Bob: That’s the vitamin A.
Dennis: That’s the vitamin A. In fact, the entire conference—the Weekend to Remember®—is built around helping couples / husbands and wives apply what they’ve heard at the Weekend to Remember to their marriage, on the spot. Bob, I think one of the reasons the conference is so transformational is because we give people the truth; we explain to them what it means—that’s interpretation—and then we give them the time and the questions to help them apply it on the spot. If that occurs, you’re going to grow / —your faith is going to grow, and you’re going to want to know more of the Bible and how you can apply it for life.
Bob: This is instinctive for you—I mean, I’ve watched you. When you read the Bible, it’s almost like you want to get right to the “So what?”—right to the application: “How do I live this out?” If somebody doesn’t go there, instinctively, is there a way that you’d recommend you can cultivate application?
Dennis: I think you can take Dr. Hendricks’ very simple method of Bible study, which is “Observation: ‘What does the Bible say?’”—just observing and reading. Then taking a step back and looking at the context of the passage and go, “What does that mean?”—“What’s the interpretation of that passage?” There’s where I think a lot of people, Bob, stop—they stop one step short of moving to the next question, which is: “How can I apply this to my life today? What’s the take-away?”
I think, on Sunday morning, one of the biggest problems is—we have some great preaching/great teaching—but we don’t give the average person in the church, who is listening to the message, an opportunity to reflect and to think about: “How are we going to apply this in our lives?”
Bob: Here’s part of the challenge with that—and you know this—if somebody says, “Okay; here’s the application for you...” a lot of people will take that like that’s the new law they’re supposed to follow; and they’ll think, “Okay; I’ve got to do this, and this, and this; and now, I heard at church, ‘Here are the six steps…’ If I’ll do this…” This whole area of application—we’ve got to be Spirit led and know what the application for us is—how God would have us apply it in our life in our day.
Dennis: And we’ve got to pass that on to our kids. That’s what it means to pass on our faith to our kids—to help them learn to apply Scripture to the issues they are facing. Many times, we live as practical atheists. We don’t apply our faith to our circumstances and take our obstacles to the Scriptures and ask God: “Help us; would You help us?”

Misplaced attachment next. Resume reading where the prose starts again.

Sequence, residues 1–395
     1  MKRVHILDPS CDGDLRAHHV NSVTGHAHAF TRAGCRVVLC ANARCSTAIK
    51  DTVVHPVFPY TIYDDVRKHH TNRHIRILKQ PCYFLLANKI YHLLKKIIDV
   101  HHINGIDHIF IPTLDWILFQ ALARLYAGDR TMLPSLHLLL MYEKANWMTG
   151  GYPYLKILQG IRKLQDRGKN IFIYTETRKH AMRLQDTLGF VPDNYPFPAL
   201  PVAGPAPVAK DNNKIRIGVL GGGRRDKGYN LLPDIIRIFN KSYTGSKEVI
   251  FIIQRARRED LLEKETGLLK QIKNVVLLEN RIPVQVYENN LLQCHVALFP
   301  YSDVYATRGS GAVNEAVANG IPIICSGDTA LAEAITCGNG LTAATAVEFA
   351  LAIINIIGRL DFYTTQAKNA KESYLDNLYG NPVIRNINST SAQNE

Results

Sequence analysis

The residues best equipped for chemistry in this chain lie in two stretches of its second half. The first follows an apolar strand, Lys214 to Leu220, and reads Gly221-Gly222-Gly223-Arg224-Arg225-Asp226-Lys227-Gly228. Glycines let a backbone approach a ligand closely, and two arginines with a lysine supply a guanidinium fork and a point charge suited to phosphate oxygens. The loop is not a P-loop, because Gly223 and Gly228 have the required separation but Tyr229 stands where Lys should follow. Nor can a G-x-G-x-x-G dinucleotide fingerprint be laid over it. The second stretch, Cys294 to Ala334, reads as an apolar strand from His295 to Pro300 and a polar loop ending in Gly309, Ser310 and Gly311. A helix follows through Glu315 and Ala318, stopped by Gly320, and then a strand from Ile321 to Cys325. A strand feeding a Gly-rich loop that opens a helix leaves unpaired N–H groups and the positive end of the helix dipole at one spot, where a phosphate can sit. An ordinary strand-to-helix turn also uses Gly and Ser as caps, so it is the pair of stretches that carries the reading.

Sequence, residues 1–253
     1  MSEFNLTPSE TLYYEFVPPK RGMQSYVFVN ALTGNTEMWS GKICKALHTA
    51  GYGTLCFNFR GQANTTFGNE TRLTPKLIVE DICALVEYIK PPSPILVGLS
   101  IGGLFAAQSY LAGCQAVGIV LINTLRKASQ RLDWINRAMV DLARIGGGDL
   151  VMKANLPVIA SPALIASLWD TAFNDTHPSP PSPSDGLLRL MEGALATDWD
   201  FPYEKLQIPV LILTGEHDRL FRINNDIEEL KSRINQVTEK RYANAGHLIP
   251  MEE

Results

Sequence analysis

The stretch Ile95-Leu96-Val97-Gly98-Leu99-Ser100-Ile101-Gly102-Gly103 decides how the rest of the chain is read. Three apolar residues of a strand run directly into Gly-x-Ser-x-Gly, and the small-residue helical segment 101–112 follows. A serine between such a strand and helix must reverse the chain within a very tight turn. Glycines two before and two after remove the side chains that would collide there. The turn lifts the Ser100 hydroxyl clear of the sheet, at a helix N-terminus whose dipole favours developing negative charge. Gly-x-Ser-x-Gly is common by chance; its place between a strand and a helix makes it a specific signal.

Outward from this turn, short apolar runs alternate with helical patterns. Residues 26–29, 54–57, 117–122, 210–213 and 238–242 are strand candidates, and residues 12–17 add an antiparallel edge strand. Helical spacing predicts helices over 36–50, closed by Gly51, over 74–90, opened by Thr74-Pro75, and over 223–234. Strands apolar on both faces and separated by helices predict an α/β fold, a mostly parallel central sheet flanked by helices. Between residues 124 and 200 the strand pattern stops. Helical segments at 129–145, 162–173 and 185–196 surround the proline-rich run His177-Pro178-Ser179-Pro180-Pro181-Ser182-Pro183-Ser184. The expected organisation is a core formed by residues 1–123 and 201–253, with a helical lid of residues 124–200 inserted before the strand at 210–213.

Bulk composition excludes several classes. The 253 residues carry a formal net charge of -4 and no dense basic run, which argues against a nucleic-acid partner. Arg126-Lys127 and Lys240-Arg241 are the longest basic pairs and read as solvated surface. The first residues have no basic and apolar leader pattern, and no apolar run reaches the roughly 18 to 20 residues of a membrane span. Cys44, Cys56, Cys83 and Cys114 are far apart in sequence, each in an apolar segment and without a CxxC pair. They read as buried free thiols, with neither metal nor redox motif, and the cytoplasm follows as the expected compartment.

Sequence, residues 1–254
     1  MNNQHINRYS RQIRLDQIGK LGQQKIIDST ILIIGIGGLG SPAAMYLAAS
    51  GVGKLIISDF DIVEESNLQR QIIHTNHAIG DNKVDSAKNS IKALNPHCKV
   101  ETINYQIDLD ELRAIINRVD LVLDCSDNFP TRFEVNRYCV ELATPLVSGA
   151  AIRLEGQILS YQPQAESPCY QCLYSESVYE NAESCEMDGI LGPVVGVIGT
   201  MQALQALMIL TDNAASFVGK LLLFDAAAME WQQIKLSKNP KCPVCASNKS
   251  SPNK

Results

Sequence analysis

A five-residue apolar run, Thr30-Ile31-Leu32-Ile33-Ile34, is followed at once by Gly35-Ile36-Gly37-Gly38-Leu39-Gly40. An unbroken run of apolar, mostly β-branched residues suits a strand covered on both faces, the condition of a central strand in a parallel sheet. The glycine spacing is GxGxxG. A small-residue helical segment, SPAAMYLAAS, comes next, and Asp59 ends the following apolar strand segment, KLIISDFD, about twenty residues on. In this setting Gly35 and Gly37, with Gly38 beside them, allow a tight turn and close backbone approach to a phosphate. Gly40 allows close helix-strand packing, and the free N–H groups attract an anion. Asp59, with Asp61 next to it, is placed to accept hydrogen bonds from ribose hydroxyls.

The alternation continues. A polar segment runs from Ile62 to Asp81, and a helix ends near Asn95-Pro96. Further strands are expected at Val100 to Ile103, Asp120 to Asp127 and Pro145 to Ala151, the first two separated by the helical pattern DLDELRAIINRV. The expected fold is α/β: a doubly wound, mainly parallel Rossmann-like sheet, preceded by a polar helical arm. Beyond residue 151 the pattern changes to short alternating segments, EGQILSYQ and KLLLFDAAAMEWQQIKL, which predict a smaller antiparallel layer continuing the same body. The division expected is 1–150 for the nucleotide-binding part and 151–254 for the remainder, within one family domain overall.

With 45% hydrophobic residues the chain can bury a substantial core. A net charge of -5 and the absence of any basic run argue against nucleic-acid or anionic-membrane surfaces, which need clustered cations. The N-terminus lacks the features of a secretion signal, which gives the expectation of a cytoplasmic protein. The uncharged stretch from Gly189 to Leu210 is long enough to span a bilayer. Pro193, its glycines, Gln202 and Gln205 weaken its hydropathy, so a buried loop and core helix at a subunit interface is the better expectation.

Bob: So do you do this, consciously, as you’re reading a passage in the Bible? When you are done, do you stop and go, “Okay; what’s one thing I can do that would apply that passage to my life today?”
Dennis: I can just tell you—recently, going through the Psalter—as I go through a Psalm a day—and really reflect on it / think about it: “How does this apply to my life today?”—yes! I’m asking it on every one of those Psalms. Some of those Psalms are more practical than others for what I’m facing today; but I think it’s the discipline of asking the question, repeatedly, of the Scriptures and then being careful to listen to God for how He wants to apply it to your life.
Bob: So, you read the Scriptures; you learn how to apply the Scriptures and come up with action points. Is that where it kind of ends?—right there?
Dennis: No; I think there are all kinds of ways in the Christian life where you find ways to remember to believe God—not the deceiver. One of the ways is to start a rock collection.
Bob: A rock collection.
Dennis: That’s right. You look at the Old Testament—many times, God did a powerful act on behalf of the nation of Israel or on behalf of the leader; and He called them to establish a memorial.
One time He actually had them gather stones out of the Jordan River and bring them back and form up a memorial so that: “When your children and you were walking by that pile of stones, and say ‘What are those stones there for, Daddy?’ ‘…Mommy?’ you can tell them: ‘This is when God stopped the waters and brought the nation of Israel out of the wilderness into the Promised Land.’”
I think there are all kinds of memorials that God is creating for us, over our lifetimes—if we don’t collect some rocks—write it down / write in a journal—maybe, even, actually have a pile of rocks—
Bob: There’s a big rock out in front of our building, here, at FamilyLife®.
Dennis: There is; and it says, “Dedicated by families who wanted to give God all the glory.” And it’s a rock that weighs a lot.
Bob: It weighs a lot!
Dennis: It weighs a lot! You’re not going to move that rock without having a pretty good-sized piece of equipment. Well, the reason is—I don’t want it moved.
I want it to be a reminder to anyone who comes into this building, here, at FamilyLife that this building/this facility that has touched the world is here because God supplied the money through families, who didn’t want the credit personally, but wanted God to get all the glory.
If you think about it, Bob, the Lord’s Supper, in a way, is a rock collection. Jesus said, “As oft as you drink this cup and eat this bread, you do this”—what?—“in remembrance of Me,”—what I have done for you. I think the reason for these rocks and the Lord’s Supper—those kinds of spiritual milestones—is because we tend to suffer from spiritual amnesia. We forget what God has done; and we move into unbelief, where we get confused; we doubt God and, ultimately, we become defiant.
Bob: I know you and Barbara have found strength, and hope, and courage to walk by faith by looking at the lives of those who have gone before.
Dennis: Barbara and I have had the privilege of knowing some of these personally: Bill and Vonette Bright, Dr. Howard Hendricks and his wife Jeanne—powerful people, who lived lives—50/60 years of marriage and family—and who believed the Book and who lived lives based on that Book.